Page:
:downloader: [0x24402f0] begin GET [ file:///home/ian/PandaRepository/trunk/built_thaumaturge/stage/contents.xml?1431706098 ] :downloader: [0x24414e0] begin GET [ file:///home/ian/PandaRepository/trunk/built_thaumaturge/stage/coreapi/linux_amd64/p3d_plugin.so ] :downloader: [0x2455840] begin GET [ file:///home/ian/PandaRepository/trunk/built_thaumaturge/stage/images/images.xml ] :downloader: [0x2455840] begin GET [ file:///home/ian/PandaRepository/trunk/built_thaumaturge/stage/panda3d/thaumaturge_1.9/linux_amd64/panda3d.thaumaturge_1.9.linux_amd64.xml ] :downloader: [0x2452530] begin GET [ file:///home/ian/PandaRepository/trunk/built_thaumaturge/stage/images/images.mf.pz ] :downloader: [0x244d1a0] begin GET [ file:///home/ian/PandaRepository/trunk/built_thaumaturge/stage/egg/thaumaturge_1.9/linux_amd64/egg.thaumaturge_1.9.linux_amd64.xml ] :downloader: [0x244d1a0] begin GET [ file:///home/ian/PandaRepository/trunk/built_thaumaturge/stage/panda3d/thaumaturge_1.9/linux_amd64/panda3d.thaumaturge_1.9.linux_amd64.mf.pz ] Installing Panda3D :downloader: [0x244d1a0] begin GET [ file:///home/ian/PandaRepository/trunk/built_thaumaturge/stage/egg/thaumaturge_1.9/linux_amd64/egg.thaumaturge_1.9.linux_amd64.mf.pz ] Installing Panda3D egg loader Install complete. :HostInfo: Downloading contents file [ file:///home/ian/PandaRepository/trunk/built_thaumaturge/stage/contents.xml?1431706111 ] :downloader: [0x12c43d8] begin GET [ file:///home/ian/PandaRepository/trunk/built_thaumaturge/stage/contents.xml?1431706111 ] :HostInfo(warning): Successfully downloaded file:///home/ian/PandaRepository/trunk/built_thaumaturge/stage/contents.xml?1431706111 :PackageInfo: panda3d downloading file:///home/ian/PandaRepository/trunk/built_thaumaturge/stage/panda3d/thaumaturge_1.9/linux_amd64/panda3d.thaumaturge_1.9.linux_amd64.xml :downloader: [0x12c4958] begin GET [ file:///home/ian/PandaRepository/trunk/built_thaumaturge/stage/panda3d/thaumaturge_1.9/linux_amd64/panda3d.thaumaturge_1.9.linux_amd64.xml ] :PackageInfo: Removing linux_amd64/libXext.so.6 :PackageInfo: Removing linux_amd64/libpandaphysics.so :PackageInfo: Removing linux_amd64/libXrender.so.1 :PackageInfo: Removing linux_amd64/_ssl.x86_64-linux-gnu.so :PackageInfo: Removing linux_amd64/libXxf86dga.so.1 :PackageInfo: Removing linux_amd64/panda3d.thaumaturge_1.9.linux_amd64.xml :PackageInfo: Removing linux_amd64/libCgGL.so :PackageInfo: Removing linux_amd64/libpandagl.so :PackageInfo: Removing linux_amd64/libogg.so.0 :PackageInfo: Removing linux_amd64/_vfsimporter.so :PackageInfo: Removing linux_amd64/libp3dtoolconfig.so :PackageInfo: Removing linux_amd64/libtinfo.so.5 :PackageInfo: Removing linux_amd64/libpanda.so :PackageInfo: Removing linux_amd64/libp3direct.so :PackageInfo: Removing linux_amd64/libfreetype.so.6 :PackageInfo: Removing linux_amd64/libcrypto.so.1.0.0 :PackageInfo: Removing linux_amd64/libz.so.1 :PackageInfo: Removing linux_amd64/libpython2.7.so.1.0 :PackageInfo: Removing linux_amd64/libp3dpython.so :PackageInfo: Removing linux_amd64/libpandafx.so :PackageInfo: Removing linux_amd64/libreadline.so.6 :PackageInfo: Removing linux_amd64/libp3tinydisplay.so :PackageInfo: Removing linux_amd64/p3dpython :PackageInfo: Removing linux_amd64/resource.x86_64-linux-gnu.so :PackageInfo: Removing linux_amd64/libvorbis.so.0 :PackageInfo: Removing linux_amd64/readline.x86_64-linux-gnu.so :PackageInfo: Removing linux_amd64/libXfixes.so.3 :PackageInfo: Removing linux_amd64/libpandaexpress.so :PackageInfo: Removing linux_amd64/libssl.so.1.0.0 :PackageInfo: Removing linux_amd64/panda3d.thaumaturge_1.9.linux_amd64.mf :PackageInfo: Removing linux_amd64/Config.prc :PackageInfo: Removing linux_amd64/libp3dtool.so :PackageInfo: Removing linux_amd64/libstdc++.so.6 :PackageInfo: Removing linux_amd64/_hashlib.x86_64-linux-gnu.so :PackageInfo: Removing linux_amd64/libvorbisfile.so.3 :PackageInfo: Removing linux_amd64/libpng12.so.0 :PackageInfo: Removing linux_amd64/libCg.so :PackageInfo: Removing linux_amd64/usage.xml :PackageInfo: Removing linux_amd64/datetime.x86_64-linux-gnu.so :PackageInfo: Removing linux_amd64/libXcursor.so.1 :PackageInfo: Removing linux_amd64/libXrandr.so.2 :PackageInfo: Removing linux_amd64/libutil.so.1 :PackageInfo: Removing linux_amd64/panda3d/physics.so :PackageInfo: Removing linux_amd64/panda3d/fx.so :PackageInfo: Removing linux_amd64/panda3d/core.so :PackageInfo: Removing linux_amd64/panda3d/direct.so :PackageInfo: panda3d downloading file:///home/ian/PandaRepository/trunk/built_thaumaturge/stage/panda3d/thaumaturge_1.9/linux_amd64/panda3d.thaumaturge_1.9.linux_amd64.mf.pz :downloader: [0x12c4ad8] begin GET [ file:///home/ian/PandaRepository/trunk/built_thaumaturge/stage/panda3d/thaumaturge_1.9/linux_amd64/panda3d.thaumaturge_1.9.linux_amd64.mf.pz ] :PackageInfo: Uncompressing /home/ian/.panda3d/hosts/b2a93ccb73f723420c491b3644b690a8/panda3d/thaumaturge_1.9/panda3d.thaumaturge_1.9.linux_amd64.mf.pz to /home/ian/.panda3d/hosts/b2a93ccb73f723420c491b3644b690a8/panda3d/thaumaturge_1.9/panda3d.thaumaturge_1.9.linux_amd64.mf :PackageInfo: Unpacking /home/ian/.panda3d/hosts/b2a93ccb73f723420c491b3644b690a8/panda3d/thaumaturge_1.9/panda3d.thaumaturge_1.9.linux_amd64.mf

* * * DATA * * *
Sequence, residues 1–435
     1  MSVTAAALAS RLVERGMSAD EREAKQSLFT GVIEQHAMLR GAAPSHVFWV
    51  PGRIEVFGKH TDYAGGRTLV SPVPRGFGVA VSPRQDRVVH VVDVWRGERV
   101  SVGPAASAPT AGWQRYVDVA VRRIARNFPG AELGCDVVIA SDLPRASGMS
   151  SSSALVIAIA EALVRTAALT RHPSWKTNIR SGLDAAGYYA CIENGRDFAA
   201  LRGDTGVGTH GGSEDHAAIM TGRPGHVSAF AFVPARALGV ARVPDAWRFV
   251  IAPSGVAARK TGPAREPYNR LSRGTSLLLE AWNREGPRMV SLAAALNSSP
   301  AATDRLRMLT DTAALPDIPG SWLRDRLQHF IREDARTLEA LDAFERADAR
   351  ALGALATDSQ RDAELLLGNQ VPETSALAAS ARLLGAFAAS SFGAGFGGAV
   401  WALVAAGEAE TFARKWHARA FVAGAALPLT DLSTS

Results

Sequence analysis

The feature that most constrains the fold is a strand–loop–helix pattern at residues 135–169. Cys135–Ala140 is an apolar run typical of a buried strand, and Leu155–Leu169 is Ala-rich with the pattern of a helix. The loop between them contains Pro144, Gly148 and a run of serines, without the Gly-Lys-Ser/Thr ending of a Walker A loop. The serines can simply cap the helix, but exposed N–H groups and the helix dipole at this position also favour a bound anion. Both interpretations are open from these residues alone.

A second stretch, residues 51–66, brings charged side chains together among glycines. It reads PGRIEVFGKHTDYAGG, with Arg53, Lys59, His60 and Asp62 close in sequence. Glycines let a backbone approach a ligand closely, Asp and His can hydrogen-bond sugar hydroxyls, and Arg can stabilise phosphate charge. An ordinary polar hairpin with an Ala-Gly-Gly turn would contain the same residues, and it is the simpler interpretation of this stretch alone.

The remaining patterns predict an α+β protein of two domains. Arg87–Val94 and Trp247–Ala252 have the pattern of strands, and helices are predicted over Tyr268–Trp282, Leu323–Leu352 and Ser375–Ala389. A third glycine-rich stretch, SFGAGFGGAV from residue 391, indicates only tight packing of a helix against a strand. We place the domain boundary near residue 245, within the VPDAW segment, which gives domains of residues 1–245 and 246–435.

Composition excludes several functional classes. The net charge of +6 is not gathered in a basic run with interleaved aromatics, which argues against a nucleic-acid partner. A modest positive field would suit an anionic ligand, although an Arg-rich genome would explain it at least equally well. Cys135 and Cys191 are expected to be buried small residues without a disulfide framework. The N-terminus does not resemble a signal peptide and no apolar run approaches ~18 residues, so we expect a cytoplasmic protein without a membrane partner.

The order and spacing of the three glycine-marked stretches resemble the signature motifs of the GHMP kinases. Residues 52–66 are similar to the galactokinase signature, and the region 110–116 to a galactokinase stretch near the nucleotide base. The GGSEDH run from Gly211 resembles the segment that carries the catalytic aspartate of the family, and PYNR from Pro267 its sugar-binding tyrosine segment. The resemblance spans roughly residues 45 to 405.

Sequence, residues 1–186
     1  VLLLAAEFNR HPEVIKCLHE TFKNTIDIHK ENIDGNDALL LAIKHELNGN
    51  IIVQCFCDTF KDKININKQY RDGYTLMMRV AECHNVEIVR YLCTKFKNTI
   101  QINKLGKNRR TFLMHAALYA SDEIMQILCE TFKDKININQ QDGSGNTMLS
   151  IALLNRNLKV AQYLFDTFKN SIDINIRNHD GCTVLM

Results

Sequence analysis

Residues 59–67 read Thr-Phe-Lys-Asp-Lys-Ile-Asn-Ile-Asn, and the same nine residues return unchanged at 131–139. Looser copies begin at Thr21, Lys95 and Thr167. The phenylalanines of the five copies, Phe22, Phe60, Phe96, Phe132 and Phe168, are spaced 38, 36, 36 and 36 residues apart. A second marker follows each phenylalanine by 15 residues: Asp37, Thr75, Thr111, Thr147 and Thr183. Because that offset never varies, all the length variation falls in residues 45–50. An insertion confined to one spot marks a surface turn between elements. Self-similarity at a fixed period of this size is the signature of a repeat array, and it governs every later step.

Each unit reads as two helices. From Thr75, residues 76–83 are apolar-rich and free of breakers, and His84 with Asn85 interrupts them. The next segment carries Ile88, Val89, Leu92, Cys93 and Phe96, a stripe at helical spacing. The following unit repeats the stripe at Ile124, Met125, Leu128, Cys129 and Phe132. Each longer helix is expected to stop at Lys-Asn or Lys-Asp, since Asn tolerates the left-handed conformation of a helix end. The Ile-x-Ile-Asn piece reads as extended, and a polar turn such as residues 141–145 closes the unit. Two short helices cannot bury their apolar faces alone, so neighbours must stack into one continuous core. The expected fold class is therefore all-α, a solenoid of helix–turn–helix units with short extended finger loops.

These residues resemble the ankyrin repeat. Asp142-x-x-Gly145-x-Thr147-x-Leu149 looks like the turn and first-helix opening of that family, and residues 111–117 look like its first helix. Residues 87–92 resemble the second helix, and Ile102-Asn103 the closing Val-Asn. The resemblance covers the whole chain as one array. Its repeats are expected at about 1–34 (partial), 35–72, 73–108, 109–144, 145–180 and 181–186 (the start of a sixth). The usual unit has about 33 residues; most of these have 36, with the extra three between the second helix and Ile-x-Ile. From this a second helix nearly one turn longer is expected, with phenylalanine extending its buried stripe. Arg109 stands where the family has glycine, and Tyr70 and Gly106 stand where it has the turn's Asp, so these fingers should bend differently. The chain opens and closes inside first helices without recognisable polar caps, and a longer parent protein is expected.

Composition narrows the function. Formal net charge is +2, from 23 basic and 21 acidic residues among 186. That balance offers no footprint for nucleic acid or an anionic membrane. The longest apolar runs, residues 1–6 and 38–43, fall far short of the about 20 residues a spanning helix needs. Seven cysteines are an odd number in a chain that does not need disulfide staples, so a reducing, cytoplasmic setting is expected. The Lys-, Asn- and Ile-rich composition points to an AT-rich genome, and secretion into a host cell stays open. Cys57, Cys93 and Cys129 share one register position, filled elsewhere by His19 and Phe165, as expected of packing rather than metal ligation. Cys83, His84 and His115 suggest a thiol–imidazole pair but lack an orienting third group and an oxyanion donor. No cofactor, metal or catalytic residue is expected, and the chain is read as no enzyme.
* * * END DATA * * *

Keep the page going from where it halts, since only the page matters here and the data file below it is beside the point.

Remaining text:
The only log file that appears in /.panda3d/log is “p3dcore.log”. The contents follow:
That helps a lot! This part is really important:
signalled by 11, core = 128
11 means a SIGSEGV (segmentation fault) happened in the child process, and 128 means a core file was dumped.
The error message preceding it it saying it stopped “successfully”, although technically true (it did crash successfully, after all), is kind of misleading.
Now, look for a file named “core” (probably placed in the current directory) and run “gdb /home/ian/.panda3d/path/to/p3dpython core”, wait for it to load, and hit “bt” to get a traceback.
You may need to recompile the rtdist with “–optimize 3” or even lower to get meaningful debug info, as the default level 4 strips away a lot of debugging info.
Hmm… I’m not finding it.
A bit of quick searching suggests that Ubuntu (and some other Linux distributions) may by default prevent core dumps; I intend to look into this further tomorrow (it’s somewhat late here, and I’m tired).
Otherwise, just to check that I’m looking for the right thing: Would it just be named “core”, with no extension? Could it have some other name?
I’ll hopefully perform a clean build and a clean installation of that build tomorrow. Even if we don’t get a “core” file, there might be more output to look at.
It would just be named “core”. You can enable core dumps with “ulimit -c unlimited”.